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Mourners II, 2013
When British reporter Philip Gibbs witnessed the Canadian Corps’ fiery assault on Vimy Ridge in 1917, he called it “a beautiful and devilish thing” and added that it was “the beauty of it, and not the evil of it, that put a spell upon one’s senses.” The same blow-to-the-face reaction is invoked by Iranian photographer Ebrahim Noroozi’s stunning images from the aftermath of a horrific crime. In June 2011, Somayeh Mehri, 29, told her husband, Amir, that she was seeking a divorce after years of enduring beatings and imprisonment in her own home in an Iranian village. One night as Mehri and the couple’s three-year-old daughter Rana slept, Amir poured acid on them. Mehri was blinded, Rana lost an eye and both of their faces were severely disfigured.
Noroozi’s black-and-white photographs—among them images of mother and child embracing, Rana going through one of her endless reconstruction surgeries, Mehri praying, Rana examining her face in a mirror—are beyond car-crash riveting. Toronto gallery owner Nikola Rukaj admires Noroozi’s message and moral vision; even so, Rukaj acknowledges, “I see the beauty ﬁrst.” Seven of Noroozi’s many photos of Mehri and Rana—there are some the photographer deems “too private” for public showing, says Rukaj—will be on display at Nikola Rukaj Gallery under the title of Victims of Forced Love, alongside four other Noroozi series from May 10 to May 31.
Together, they form one of the 30 featured exhibitions at Toronto’s month-long Scotiabank Contact Photography Festival. Beginning in 1997 with a loosely organized call for open exhibitions, Contact now showcases 1,500 Canadian and international photographers, scattered across 175 venues in greater Toronto, to 1.8 million visitors. Held every May, Contact is now the largest photography event in the world. This year’s festival includes works by Stan Douglas and Gordon Parks.
The images in Noroozi’s four other series are equally striking in their profound remoteness. “He’s really on his own,” says Rukaj. “You can’t see the reciprocal influences that can make it hard to tell one modern Western photo from another.” Not that his work exists in complete isolation. Some of the staged works are reminiscent of American artist Gregory Crewdson—known for elaborately staged scenes of small-town homes—with one key difference: Crewdson’s images require entire crews, and Noroozi works alone.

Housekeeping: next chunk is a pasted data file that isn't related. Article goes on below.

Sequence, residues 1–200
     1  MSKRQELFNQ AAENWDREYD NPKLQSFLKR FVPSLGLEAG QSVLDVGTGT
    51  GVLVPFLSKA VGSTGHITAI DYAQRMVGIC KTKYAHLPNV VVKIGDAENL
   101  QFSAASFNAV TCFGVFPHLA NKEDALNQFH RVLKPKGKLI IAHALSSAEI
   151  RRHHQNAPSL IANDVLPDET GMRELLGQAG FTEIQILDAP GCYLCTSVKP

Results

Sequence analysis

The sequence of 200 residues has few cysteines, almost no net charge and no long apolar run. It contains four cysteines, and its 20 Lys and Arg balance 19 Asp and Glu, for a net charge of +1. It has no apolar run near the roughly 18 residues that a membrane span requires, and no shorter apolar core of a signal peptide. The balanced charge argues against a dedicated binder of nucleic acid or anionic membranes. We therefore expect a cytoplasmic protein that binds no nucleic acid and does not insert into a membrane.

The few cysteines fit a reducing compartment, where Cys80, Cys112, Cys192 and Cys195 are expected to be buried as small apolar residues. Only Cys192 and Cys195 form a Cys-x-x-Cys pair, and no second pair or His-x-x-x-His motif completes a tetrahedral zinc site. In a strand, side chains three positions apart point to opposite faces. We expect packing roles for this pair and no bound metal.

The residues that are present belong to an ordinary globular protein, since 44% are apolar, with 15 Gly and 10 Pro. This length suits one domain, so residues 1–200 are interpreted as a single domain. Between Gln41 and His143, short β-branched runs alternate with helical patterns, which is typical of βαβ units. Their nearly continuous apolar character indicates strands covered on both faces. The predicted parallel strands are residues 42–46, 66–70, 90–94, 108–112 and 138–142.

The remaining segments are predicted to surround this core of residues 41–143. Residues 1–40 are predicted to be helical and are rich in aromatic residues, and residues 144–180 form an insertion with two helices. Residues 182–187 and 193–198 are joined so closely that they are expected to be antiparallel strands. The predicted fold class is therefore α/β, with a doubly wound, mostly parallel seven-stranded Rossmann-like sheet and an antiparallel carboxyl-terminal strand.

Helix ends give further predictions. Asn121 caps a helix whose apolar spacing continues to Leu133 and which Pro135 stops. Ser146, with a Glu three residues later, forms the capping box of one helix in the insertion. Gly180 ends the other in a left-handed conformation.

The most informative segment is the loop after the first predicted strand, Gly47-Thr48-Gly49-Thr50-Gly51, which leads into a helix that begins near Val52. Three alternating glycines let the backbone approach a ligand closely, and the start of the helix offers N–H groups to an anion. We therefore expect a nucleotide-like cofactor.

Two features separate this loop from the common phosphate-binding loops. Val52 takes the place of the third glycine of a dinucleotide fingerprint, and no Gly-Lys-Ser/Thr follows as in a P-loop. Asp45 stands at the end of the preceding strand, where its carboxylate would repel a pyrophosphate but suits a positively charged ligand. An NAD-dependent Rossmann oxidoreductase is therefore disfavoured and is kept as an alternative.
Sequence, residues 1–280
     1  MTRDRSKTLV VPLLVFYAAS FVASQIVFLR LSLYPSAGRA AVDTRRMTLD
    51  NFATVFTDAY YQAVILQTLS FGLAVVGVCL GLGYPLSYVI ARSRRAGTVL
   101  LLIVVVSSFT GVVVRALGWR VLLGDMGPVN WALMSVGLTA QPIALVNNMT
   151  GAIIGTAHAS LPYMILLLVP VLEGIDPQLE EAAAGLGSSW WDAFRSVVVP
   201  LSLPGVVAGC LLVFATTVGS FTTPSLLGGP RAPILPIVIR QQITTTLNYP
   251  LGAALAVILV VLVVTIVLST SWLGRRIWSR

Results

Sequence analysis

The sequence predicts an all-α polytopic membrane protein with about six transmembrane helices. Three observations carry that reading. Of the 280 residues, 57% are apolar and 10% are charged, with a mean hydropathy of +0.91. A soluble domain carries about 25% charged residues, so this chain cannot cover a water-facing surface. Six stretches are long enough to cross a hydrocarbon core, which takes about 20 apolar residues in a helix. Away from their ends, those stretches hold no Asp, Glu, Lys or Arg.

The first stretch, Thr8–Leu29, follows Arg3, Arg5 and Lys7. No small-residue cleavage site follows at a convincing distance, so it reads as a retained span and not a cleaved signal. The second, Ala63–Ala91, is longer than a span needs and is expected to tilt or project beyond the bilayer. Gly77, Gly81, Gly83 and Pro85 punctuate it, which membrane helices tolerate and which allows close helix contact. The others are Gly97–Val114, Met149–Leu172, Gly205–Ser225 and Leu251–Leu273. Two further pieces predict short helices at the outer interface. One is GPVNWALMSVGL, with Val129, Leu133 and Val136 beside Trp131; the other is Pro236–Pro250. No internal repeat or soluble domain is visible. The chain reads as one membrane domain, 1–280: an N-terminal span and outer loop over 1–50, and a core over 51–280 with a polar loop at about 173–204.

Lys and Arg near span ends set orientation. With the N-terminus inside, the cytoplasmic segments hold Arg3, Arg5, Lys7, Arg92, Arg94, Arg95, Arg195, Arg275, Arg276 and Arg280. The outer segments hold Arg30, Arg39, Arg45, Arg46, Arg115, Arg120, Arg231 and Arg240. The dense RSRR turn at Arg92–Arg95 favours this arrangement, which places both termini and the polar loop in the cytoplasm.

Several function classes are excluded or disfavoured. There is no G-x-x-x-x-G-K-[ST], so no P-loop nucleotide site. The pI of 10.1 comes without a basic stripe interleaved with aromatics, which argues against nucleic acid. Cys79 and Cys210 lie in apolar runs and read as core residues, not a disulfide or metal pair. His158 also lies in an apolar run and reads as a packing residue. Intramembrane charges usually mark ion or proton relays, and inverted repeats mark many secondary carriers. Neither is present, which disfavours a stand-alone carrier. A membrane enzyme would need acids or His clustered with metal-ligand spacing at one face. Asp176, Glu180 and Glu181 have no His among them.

What is most apparent in the Iranian photographer’s images are echoes of classical Western painting: Velásquez in some uses of black; Rembrandt in the composition of others—forcibly so in a photo of one of Rana’s surgeries (not on exhibition in Toronto) that brings to mind the Dutch artist’s famous The Anatomy Lecture. Hydrotherapy captures veterans of the murderous Iran-Iraq war (1980 to 1988), now middle-aged, in physical therapy, while War Is Not Over shows many of those maimed veterans individually, each surrounded by prosthetic legs.
Then there are the two series that form a subtle trinity with Forced Love, which won the prestigious World Press Photo competition in 2013: Mournful Women, depicting women who go barefoot and veiled to light candles at 40 locations for Chehel Manbar, one of Shia Islam’s most important annual ceremonies; and Mourners, depicting male observers making fires and covering themselves in mud and clay, symbols of grief and loss. The colour images of the women are as intensely sympathetic as the black-and-white photos of the men and of Mehri and her daughter, but they are also shot through with overt irony. “One of the women, in traditional dress against a rich, very Persian backdrop, has an expensive-looking handbag with American dollars visible,” notes Rukaj.
None match the power of Forced Love, though, whose images are made disturbing not by their content alone but precisely because they are beautiful: ethereal, elegant, brilliantly lit and staged, epitomes of the way the human genius for destruction is matched by the human ability to craft beauty from the wreckage.